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The baby rhino was safely delivered by mum Ema Elsa following a 15 month pregnancy. In the heartwarming clip, the little rhino can be seen taking her first wobbly steps as she arrived into the world on 29th October.
With fewer than 1,000 eastern black rhinos remaining on the planet, conservationists at the zoo have said her arrival will be "celebrated globally".
Andrew McKenzie, team manager of rhinos at the zoo, said: "The birth of a critically endangered eastern black rhino is always very special.
"And to be able to watch on camera as a calf is born is an incredible privilege - with rhino numbers so, so low it, sadly, isn't something that's captured very often.
"Seeing the little one then get to her feet with a gentle nudge from mum; take her first tentative steps and suckle for the first time is then the icing on the cake.
"It really is heart-warming stuff. The whole team here is overjoyed. Mum and calf have bonded wonderfully and have been showing us all of the right signs.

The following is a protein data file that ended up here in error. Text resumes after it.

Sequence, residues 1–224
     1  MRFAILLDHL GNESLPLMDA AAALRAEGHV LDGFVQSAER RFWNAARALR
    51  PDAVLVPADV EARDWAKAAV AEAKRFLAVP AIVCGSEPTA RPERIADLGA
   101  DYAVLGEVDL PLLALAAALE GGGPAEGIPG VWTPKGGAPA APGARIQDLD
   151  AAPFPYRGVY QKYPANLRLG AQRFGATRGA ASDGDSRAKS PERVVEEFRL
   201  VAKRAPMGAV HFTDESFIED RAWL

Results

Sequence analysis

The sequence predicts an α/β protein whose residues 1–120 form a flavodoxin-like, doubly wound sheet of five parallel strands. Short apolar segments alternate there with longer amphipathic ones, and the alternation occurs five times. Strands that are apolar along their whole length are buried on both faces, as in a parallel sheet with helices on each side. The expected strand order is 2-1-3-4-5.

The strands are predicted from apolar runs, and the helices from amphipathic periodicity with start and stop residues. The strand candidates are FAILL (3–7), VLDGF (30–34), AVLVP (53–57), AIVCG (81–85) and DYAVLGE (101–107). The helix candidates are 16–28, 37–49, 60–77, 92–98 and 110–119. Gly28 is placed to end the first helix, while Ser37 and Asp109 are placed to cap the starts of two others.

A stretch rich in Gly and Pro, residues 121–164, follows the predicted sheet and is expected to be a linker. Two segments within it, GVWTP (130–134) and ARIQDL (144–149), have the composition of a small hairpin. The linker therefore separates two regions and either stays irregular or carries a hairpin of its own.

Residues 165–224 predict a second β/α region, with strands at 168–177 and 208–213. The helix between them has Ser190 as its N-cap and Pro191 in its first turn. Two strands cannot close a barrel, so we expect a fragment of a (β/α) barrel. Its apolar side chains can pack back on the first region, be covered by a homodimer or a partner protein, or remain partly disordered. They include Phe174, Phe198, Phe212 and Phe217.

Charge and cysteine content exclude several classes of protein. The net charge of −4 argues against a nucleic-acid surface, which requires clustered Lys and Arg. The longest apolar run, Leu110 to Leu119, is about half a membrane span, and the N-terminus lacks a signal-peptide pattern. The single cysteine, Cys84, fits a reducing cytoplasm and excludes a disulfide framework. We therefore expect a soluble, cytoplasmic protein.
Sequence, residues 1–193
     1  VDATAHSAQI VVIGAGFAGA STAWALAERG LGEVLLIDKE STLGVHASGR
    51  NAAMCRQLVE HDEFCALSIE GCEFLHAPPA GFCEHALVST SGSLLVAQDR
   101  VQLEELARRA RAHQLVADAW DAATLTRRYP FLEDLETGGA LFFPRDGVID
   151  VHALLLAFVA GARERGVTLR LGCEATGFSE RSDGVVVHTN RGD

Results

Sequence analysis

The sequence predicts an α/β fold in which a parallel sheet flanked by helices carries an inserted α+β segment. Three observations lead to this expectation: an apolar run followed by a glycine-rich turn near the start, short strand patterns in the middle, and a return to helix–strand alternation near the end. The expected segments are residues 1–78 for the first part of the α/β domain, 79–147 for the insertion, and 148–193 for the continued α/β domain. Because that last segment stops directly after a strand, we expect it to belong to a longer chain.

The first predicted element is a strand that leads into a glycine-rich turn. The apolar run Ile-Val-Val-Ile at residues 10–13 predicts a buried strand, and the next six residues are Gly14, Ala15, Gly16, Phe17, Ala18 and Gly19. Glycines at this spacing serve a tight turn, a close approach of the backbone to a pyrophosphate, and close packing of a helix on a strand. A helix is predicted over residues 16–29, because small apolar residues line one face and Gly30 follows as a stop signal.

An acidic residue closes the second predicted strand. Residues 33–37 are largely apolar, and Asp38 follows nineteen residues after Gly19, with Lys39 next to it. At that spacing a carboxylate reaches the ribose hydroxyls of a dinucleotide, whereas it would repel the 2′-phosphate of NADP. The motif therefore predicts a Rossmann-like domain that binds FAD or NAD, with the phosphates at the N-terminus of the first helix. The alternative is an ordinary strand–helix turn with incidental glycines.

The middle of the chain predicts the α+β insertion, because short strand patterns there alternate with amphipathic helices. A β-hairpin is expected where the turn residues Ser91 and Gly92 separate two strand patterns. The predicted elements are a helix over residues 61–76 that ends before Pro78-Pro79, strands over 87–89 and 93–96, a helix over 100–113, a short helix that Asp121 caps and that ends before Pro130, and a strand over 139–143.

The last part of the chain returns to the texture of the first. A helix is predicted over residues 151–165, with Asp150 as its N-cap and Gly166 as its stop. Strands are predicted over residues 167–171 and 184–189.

"These rhinos have been pushed to the very edge of existence and every single addition to the European endangered species breeding programme is celebrated globally.
"It's sadly no exaggeration to say that it's entirely possible that we could lose them forever within our lifetime and the world's most progressive zoos are very much part of the fight to prevent their extinction."
Zookeepers are now asking the public to help them decide on the name of the little rhino. In a Facebook poll, the shortlisted names are: Kasulu (a town in Tanzania), Koshi (meaning 'to try') and Kaari (meaning 'young girl/young daughter').
In the wild, the eastern black rhinos are found only in Kenya, Tanzania and Rwanda. Experts believe the multibillion pound illegal wildlife trade is driving the species towards extinction with the surge in demand of rhino horn.
Andrew added: "In the short term, Ema Elsa and her new baby will help to highlight the perilous position that this species is in and we hope they encourage more people to join the fight to prevent the extinction of these gentle giants.
"In the future, as we work to ensure more safe areas, we hope Ema and her offspring, like others before them born into the European breeding programme, are one day able to make the journey back to Africa."
In a bid to optimise successful reproduction of the rhinos, scientists at Chester Zoo have developed a technique to track their oestrus cycles via hormone analysis of the rhinos' dung.
It is said to help keepers to decide when best to introduce females to a mate - a method which is now being used in Kenya, too.
This is the happiest of news! Welcome to the world little one!
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